A values-based approach, slow and steady progress, competitive advantage. These are the things Warren Buffett loves. And that's why he would never resort to investing in one of these companies.
Betting on speculative companies can be tempting for many investors. But not for the best of us. Warren Buffett prefers only the "tried and true" classics, which certainly don't include the titles we'll feature here.
Vroom (as the somewhat humorous name suggests) operates a platform for buying and selling used vehicles. The company's sales growth skyrocketed during the pandemic due to a widespread shortage of used vehicles. However, results over the past few quarters have shown a significant slowdown in revenue expansion. In fact, in the second quarter, Vroom's sales fell by more than 37% from a year earlier.
Vroom's main problems are low gross margins and rising operating costs. It is difficult to foresee a scenario where the company could achieve profitability in the current economic climate. Its business is facing inflation-related cost increases, labor shortages and supply chain issues that continue to weigh on its results. Its long-term earnings trajectory is therefore in the stars, making VRM a stock that is quite risky.
But a similar fate has befallen several of Vroom's peers in the sector. Also suffering is the well-known $CVNA, which has recently become something of a second Palantir among investment investors.
AMC Entertainment is the operator of a movie theater chain whose stock soared during last year's meme hype. But over the past year, its stock has largely suffered a significant decline, losing more than 80% of its value.
After a strong start to the year due to better-than-expected results for individual films, their results have become as lackluster as ever. Their individual box office receipts have fallen well below pre-pandemic levels and are unlikely to do well in the coming quarters. In addition, AMC continues to consume huge amounts of cash each quarter and has reached a point where significant dilution will very likely be required. While the company might be able to sustainably manage if it eliminates interest expense, I think this cash burn situation is unlikely to change anytime soon.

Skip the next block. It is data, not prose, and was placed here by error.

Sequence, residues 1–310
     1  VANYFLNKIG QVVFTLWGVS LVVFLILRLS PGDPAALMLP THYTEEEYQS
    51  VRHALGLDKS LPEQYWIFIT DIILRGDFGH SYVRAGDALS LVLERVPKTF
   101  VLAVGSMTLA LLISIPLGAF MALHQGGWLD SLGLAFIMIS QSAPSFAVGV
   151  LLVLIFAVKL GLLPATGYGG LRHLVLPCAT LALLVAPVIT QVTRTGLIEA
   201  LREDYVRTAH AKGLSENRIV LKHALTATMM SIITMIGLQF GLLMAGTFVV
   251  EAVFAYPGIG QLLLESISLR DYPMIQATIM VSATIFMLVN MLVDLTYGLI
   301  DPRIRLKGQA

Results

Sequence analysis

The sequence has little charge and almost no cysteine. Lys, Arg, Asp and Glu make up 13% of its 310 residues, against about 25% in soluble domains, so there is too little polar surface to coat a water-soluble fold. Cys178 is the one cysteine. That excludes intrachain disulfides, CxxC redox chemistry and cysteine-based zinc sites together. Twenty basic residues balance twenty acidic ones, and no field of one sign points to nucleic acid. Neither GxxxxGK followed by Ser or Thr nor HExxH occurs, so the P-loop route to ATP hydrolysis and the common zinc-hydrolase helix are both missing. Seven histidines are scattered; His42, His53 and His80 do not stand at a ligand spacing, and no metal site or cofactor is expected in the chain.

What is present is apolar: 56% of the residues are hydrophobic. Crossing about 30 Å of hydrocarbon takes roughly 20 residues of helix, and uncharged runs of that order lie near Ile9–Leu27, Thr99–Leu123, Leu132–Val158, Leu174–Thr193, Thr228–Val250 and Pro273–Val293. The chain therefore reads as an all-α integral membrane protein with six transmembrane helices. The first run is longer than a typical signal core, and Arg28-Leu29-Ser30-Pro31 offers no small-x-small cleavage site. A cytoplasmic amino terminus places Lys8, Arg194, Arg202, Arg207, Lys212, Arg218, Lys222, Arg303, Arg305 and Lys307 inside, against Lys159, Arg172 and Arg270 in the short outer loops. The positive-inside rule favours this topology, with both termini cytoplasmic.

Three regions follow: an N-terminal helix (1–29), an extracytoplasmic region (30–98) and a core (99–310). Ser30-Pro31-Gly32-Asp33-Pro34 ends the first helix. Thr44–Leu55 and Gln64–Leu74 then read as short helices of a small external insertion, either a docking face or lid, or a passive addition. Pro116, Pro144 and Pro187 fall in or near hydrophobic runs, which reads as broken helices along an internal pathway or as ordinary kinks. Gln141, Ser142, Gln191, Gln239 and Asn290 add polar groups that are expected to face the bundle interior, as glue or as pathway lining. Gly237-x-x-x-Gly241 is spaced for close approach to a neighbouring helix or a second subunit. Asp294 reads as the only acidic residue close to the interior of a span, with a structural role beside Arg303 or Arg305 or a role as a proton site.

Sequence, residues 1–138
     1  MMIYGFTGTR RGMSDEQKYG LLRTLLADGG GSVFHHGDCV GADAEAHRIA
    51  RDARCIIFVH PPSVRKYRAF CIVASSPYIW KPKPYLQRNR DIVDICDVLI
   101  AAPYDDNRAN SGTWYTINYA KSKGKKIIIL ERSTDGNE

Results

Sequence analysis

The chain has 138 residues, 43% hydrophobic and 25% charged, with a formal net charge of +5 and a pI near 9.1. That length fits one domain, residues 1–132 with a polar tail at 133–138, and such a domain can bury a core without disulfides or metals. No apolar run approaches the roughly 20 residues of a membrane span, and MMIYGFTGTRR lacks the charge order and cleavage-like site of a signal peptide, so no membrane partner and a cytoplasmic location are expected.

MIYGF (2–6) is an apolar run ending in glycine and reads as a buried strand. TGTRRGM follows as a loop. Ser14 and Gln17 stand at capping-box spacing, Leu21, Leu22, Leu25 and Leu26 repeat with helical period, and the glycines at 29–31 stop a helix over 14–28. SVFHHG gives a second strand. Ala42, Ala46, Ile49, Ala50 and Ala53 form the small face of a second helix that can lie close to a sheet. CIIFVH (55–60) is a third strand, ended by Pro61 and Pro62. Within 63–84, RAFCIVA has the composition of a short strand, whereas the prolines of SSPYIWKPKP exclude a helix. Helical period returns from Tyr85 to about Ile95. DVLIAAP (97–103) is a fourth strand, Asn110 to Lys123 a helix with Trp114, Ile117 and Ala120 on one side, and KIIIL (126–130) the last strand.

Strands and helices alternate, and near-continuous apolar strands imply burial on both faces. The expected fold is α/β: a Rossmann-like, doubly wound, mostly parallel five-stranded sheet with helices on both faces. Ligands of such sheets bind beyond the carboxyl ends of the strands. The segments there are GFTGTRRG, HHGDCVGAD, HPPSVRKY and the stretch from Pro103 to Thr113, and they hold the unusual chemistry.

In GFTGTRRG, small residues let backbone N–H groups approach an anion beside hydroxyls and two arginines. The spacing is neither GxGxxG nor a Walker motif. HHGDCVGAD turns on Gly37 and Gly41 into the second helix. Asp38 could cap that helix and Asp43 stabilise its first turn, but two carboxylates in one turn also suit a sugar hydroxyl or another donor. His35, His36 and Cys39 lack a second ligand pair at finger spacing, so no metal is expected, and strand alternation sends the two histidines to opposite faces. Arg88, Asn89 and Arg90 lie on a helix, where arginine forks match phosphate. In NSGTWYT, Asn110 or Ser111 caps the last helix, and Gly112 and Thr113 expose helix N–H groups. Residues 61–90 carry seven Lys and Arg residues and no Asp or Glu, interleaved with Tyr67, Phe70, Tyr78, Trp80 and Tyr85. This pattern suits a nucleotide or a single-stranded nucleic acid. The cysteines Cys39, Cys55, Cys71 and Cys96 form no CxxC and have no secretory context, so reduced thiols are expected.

Moreover, it will forever have the hallmark of a "meme stock" that will quite possibly cause it to be pumped up a few more times by the remaining retail believers while the institutional investors stay away.
Peloton caught a huge wind in its sails and its business grew to unprecedented heights during the pandemic. The home fitness equipment provider saw huge demand for its products as gyms were closing. However, its business is collapsing in a post-pandemic world and will likely continue to lose money rapidly.
Peloton's growth rate is slowing while its costs are rising aggressively. This is a recipe for financial disaster. In fact, it may well take an enormous effort to ensure that Peloton at least somehow survives.
Still, of course, there is a chance that these companies will recover and investors who buy now at a ridiculous price will rejoice in the future. But it is certainly very risky indeed and certainly not something that fits in with the investment style of Warren Buffett and other giants.
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Disclaimer: This is in no way an investment recommendation. This is purely my summary and analysis based on data from the internet and a few other analyses. Investing in the financial markets is risky and everyone should invest based on their own decisions. I am just an amateur sharing my opinions.